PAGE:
Virgin, Australia’s First Major Corporate Casualty Seeks Investors
Virgin Australia went into voluntary administration on Tuesday, following the federal government’s rejection of a $1.4 billion bailout, with the hunt now on for new investors to keep the airline in flight.
At least 10 investors are understood to be circling the airline, in what is to date Australia’s largest coronavirus-related collapse, but debt-burdened Virgin insists it will survive beyond Covid-19.
Virgin’s board of directors appointed Vaughan Strawbridge, John Greig, Sal Algeri and Richard Hughes of Deloitte as administrators. While former chief executive Macquarie Nicholas Moore has been appointed to engage with Virgin’s administrator on government’s behalf.
“There have been several expressions of interest so far,” Deloitte’s Vaughan Strawbridge said on Tuesday.
“This is a matter of months, not longer than that.”
Virgin’s move into administration comes as Queensland and New South Wales entered into a battle over Virgin Australia’s headquarters.
Queensland’s state government offered $200 million to help rescue Virgin over the weekend, on the condition it kept its headquarters in Brisbane.
New South Wales premier Gladys Berejiklian said the state was “considering all the options” on Monday, offering Virgin Australia a rescue package, announcing the state could bring Virgin to the Badgerys creek airport in western Sydney.
Virgin, which had reported losses before covid-19, has debts of more than $4.8 billion.
While Virgin’s future is unclear as administrators look for new owners, Strawbridge said on Tuesday he did not plan to make any of Virgin’s 10,000 employees redundant.
Virgin’s move into administration impacts up to 10,000 employees and as many as 6000 contractors.
Treasurer Josh Frydenberg said the government’s objective was “a market-led solution”.
“This is not liquidation,” Frydenberg told media.
“This is not Ansett. This is not the end of the airline.”
Frydenberg added that government would not bailout the five foreign stakeholders who own the airline.
While Richard Branson’s Virgin Group hold 10 per cent, Virgin’s major shareholders include Singapore Airlines, Etihad Airways and conglomerates HNA Group and Nanshan Group.
Virgin Australia chief executive Paul Scurrah said that seeking new investment streams was the best way to ensure the airline’s future, “to emerge on the other side of the covid-19 crisis”.
“Australia needs a second airline and we are determined to keep flying,” he said.
Virgin will continue to operate its scheduled international and domestic flights during the administration period.
It is understood that staff who still have jobs will continue to receive wages, and eligible staff will receive the job keeper scheme.
Velocity frequent flyer, while owned by the group, is a separate company and is not in administration.
This article is republished from theurbandeveloper.com under a Creative Commons license. Read the original article.
Brisbane Gets Purpose-Built Robotics Centre for $23bn Industry
Queensland has furthered its push to be Australia’s technological hub with the announcement that CSIRO’s Data61 division will open a new facility in Brisbane to conduct world-leading research into robotics and autonomous systems.
A new purpose-built Robotics Innovation Centre to be located at Pullenvale will be an important step towards establishing a formal robotics cluster in Brisbane to take advantage of the enormous potential of a rapidly growing industry anticipated to be worth $23 billion globally by 2025.
Data61 chief executive Adrian Turner described the new centre as a national asset, with the potential to provide a unique collaborative opportunity between industry, government and academia.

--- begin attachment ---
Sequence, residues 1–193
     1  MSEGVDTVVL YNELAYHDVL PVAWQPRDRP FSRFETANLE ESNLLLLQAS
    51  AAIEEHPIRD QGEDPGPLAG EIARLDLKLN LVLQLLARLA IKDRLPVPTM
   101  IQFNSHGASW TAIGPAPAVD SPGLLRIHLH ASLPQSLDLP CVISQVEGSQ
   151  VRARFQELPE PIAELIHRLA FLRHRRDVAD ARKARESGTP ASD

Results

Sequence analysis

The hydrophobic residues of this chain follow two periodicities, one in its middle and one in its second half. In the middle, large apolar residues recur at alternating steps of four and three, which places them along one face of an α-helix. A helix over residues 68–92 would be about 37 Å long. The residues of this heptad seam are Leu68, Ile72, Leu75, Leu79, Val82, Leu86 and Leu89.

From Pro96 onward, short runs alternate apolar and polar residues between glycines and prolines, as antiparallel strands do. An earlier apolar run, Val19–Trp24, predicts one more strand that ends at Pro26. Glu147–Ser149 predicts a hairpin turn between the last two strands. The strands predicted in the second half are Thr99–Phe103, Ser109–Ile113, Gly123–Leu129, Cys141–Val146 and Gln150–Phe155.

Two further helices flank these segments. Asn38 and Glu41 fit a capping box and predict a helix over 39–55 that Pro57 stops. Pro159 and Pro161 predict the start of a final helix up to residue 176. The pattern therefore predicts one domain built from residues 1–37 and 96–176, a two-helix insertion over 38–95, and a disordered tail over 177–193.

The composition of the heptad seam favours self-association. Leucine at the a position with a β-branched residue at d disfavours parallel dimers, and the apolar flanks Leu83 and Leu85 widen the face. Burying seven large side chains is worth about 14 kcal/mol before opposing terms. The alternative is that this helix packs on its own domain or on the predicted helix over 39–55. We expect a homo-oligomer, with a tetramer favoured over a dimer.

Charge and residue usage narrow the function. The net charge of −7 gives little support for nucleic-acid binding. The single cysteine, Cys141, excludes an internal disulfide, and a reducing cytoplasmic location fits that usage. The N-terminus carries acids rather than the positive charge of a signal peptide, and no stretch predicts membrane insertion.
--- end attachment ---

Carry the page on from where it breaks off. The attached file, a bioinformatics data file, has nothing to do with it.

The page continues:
“Robotics and autonomous systems technologies, underpinned by machine learning and artificial intelligence, will unlock new value in all manner of sectors including manufacturing, agriculture, healthcare and mining,” Turner said.
“World-class facilities like the Robotics Innovation Centre, will ensure Australia is well placed to benefit from Industry 4.0 and help to protect and accelerate our nation’s ongoing economic success.”
The new 600sq m facility will be used to further pursue research that is already under way with autonomous robotics systems to interact safely and seamlessly with humans in various situations.
Researchers will strive to develop new approaches to rapidly map, navigate and search underground environments using legged robots and autonomous drone technology, funded by the US Defence Advanced Research Projects Agency.
The facility will also feature the largest motion capture system in the southern hemisphere, to be used to validate data captured by robotics systems in the field.
Additionally, there will be a swimming pool for testing aquatic robots, numerous unmanned aerial and ground vehicles, legged robots, high-accuracy robot manipulators, as well as sensors and telemetry systems.
Data61 already has robotics engineers based in Brisbane working closely with experts at the Australian Centre for Robotic Vision, which is based at the Queensland University of Technology.
The division is currently partnered to organisations including Boeing, Woodside, QUT and the University of Queensland within the robotics space.
The robotics industry has drawn increasing interest from professionals in the built environment with researchers estimating that artificial intelligence in construction will balloon from $500 million in 2018 to $2.41 billion by 2023.
Late last year, the Queensland government unveiled plans to build an artificial intelligence hub in Brisbane’s Fortitude Valley.
The new training hub, dubbed The Precinct, will aim to help fill the skills gap created by the surging artificial intelligence sector.
The Queensland government also made a $50 million investment to ensure the Australia Defence Force would establish an autonomy research centre, the first of its kind in the country, in Brisbane.
Brisbane also played host to the International Conference on Robotics and Automation (ICRA) in May of last year, further cementing its place at the forefront of Australian robotics and artificial intelligence research.